Recently I asked someone why they wouldn’t forgive a particular person. The person who had offended them had repented and asked for forgiveness, but still this person refused to forgive. When I asked why, the reply was: “Because I could tell they weren’t sincere. They really aren’t sorry, so they don’t deserve to be forgiven.”
Is that what Jesus says? Hardly. “If you do not forgive men their sins, your Father will not forgive your sins. (Matt. 6:15)” Only those who truly recognize their own sin and the price Jesus paid for them to be forgiven can forgive those who sinned against them. (At least we hope so.) Forgiveness is hard, but so is reaping the results of not forgiving.
Every one of us who has experienced God’s forgiveness is called to extend His love and forgiveness to others. He gives us grace to show grace to others. He pours His love in us to love like He does. Often people say they’ve forgiven when they really haven’t. They’ll say over and over: “Yes, I’ve forgiven them.” And then they tack on: “I just don’t want to have anything to do with them.” If they were really honest, they would admit that secretly they’d like to see that person pay a price for what they did.
Every one of us who has experienced God’s forgiveness is called to extend His love and forgiveness to others. He gives us grace to show grace to others.
Thankfully, that’s not how God forgives us. When He forgives us, He wipes the slate clean and treats us like we never committed the act. He doesn’t keep a record of it to bring up at some future time. What’s more, Jesus doesn’t just forgive—He restores what was lost.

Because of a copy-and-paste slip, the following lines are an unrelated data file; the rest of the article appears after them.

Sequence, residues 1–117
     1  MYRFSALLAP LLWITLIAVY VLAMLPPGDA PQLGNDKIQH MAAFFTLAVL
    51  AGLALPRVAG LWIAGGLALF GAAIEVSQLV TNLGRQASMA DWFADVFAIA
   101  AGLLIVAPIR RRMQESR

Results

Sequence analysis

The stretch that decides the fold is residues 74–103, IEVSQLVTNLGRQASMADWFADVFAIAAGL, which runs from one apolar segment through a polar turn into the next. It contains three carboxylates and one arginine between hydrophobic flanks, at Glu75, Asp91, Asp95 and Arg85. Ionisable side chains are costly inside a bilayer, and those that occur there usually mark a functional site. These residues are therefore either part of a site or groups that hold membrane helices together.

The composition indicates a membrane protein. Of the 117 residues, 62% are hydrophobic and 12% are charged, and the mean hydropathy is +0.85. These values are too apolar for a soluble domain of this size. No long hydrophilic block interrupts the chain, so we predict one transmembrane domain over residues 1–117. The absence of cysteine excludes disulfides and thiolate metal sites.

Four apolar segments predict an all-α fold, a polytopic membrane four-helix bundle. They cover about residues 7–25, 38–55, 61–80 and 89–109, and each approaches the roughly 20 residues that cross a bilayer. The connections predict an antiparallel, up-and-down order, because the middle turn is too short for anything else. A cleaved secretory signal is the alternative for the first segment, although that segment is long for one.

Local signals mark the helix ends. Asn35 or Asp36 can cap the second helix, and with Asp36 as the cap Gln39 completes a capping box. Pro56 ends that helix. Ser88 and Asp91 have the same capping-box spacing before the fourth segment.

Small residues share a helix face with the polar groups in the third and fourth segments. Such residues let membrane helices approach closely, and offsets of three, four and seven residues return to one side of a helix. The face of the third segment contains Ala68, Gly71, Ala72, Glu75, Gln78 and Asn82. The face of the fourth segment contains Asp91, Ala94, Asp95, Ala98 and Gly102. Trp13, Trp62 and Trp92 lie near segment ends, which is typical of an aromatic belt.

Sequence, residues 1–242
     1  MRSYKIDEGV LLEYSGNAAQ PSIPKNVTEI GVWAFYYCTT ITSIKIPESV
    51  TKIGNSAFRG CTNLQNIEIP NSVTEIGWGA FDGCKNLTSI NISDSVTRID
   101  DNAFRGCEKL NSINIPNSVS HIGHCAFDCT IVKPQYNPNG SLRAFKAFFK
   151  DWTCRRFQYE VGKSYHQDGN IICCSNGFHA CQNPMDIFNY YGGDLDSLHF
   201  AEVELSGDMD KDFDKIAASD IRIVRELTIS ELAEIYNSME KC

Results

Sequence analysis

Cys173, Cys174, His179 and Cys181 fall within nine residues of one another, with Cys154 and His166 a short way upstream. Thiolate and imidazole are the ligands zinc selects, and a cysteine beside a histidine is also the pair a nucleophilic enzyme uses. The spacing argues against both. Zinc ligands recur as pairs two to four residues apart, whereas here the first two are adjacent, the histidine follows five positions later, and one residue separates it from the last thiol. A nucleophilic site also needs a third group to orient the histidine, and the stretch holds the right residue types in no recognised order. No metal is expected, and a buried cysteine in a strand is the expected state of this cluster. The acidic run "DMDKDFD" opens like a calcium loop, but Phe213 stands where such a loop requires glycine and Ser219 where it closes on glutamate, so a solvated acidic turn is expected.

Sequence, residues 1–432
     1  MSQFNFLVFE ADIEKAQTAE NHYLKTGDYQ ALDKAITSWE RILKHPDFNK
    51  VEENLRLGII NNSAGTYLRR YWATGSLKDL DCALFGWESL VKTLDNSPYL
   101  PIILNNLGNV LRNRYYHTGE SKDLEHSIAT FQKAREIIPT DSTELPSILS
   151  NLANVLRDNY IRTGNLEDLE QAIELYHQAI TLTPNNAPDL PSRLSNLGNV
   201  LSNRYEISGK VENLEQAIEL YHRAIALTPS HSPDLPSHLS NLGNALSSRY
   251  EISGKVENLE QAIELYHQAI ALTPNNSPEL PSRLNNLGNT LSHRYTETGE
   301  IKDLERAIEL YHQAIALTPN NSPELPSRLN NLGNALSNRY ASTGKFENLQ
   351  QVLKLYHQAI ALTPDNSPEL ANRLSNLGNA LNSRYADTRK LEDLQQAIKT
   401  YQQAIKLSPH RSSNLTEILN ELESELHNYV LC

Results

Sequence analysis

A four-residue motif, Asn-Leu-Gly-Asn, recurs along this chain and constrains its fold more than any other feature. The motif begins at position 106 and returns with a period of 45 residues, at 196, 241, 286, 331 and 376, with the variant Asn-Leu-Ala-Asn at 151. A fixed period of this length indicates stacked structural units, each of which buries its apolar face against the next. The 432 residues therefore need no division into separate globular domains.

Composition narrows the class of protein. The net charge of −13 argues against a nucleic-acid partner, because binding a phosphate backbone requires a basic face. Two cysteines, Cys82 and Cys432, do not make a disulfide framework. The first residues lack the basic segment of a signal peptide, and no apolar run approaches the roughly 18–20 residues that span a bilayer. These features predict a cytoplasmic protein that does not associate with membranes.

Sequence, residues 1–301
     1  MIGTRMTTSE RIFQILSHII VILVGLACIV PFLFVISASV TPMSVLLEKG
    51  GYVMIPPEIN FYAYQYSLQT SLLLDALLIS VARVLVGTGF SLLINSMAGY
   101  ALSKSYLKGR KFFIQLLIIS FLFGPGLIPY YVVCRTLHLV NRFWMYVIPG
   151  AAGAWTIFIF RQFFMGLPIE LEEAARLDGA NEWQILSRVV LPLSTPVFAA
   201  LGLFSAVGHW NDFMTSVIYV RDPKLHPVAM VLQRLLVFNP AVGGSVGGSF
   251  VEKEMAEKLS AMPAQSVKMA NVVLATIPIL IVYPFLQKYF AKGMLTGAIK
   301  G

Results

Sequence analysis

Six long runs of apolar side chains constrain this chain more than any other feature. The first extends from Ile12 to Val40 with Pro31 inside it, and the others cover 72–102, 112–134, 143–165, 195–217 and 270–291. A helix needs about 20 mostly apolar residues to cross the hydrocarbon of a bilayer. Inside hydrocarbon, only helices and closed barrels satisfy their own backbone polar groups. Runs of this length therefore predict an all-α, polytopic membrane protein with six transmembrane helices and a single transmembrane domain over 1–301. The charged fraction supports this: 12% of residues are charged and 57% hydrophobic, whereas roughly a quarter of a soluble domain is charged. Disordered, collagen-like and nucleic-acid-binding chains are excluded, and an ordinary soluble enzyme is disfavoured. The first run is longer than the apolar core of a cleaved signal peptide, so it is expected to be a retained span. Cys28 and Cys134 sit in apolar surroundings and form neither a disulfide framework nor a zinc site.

When we forgive others as Jesus commands us to, we receive healing. He takes away the pain of the offense. To have the forgiveness worked in and through us, we must do the following:
1. Pray for God to bless the one who hurt you, however He sees fit.
2. Willingly choose to be a channel of God’s love flowing from you to them.
3. Desire to see that person healed, restored and serving again in the call God has on their life.
In John 21:15-17, Jesus gives us His example of true forgiveness. Jesus’ dear friend and disciple Peter had to face the fact that he denied Christ—not once, but— 3 times. Now, after His resurrection, Jesus confronts Peter:
“Simon son of John, do you love Me more than these?”
“Yes, Lord,” he said, “you know that I love you.”
Jesus said, “Feed my lambs.”
Again Jesus said, “Simon son of John, do you love Me?”
He answered, “Yes, Lord, you know that I love you.”
Jesus said, “Take care of my sheep.”
The third time He said to him, “Simon son of John, do you love Me?”
Peter was hurt because Jesus asked him a third time, “Do you love Me?”
He said, “Lord, you know all things; you know that I love you.
Jesus said, “Feed my sheep.”
Interesting, isn’t it, that Peter denies Jesus 3 times, then Jesus gives Peter 3 chances to reaffirm his love for Him. Jesus is making a point here. No matter how many times we fall and deny Him, He’s there to pick us up, forgive and restore us.
Neither His forgiveness nor our service to Him depends on us. Rather, it has everything to do with what Jesus has done for us. He’s a God of restoration! And His instruction to us is the same as that He gave to Peter: “Follow Me.” As followers of Christ, we’re to keep following Him and modeling His behavior—especially in forgiving others. Yes, forgive, even though it is hard and comes with a cost.
Share your Heart: What would it cost you to follow Jesus’ example and forgive someone who is hard to forgive?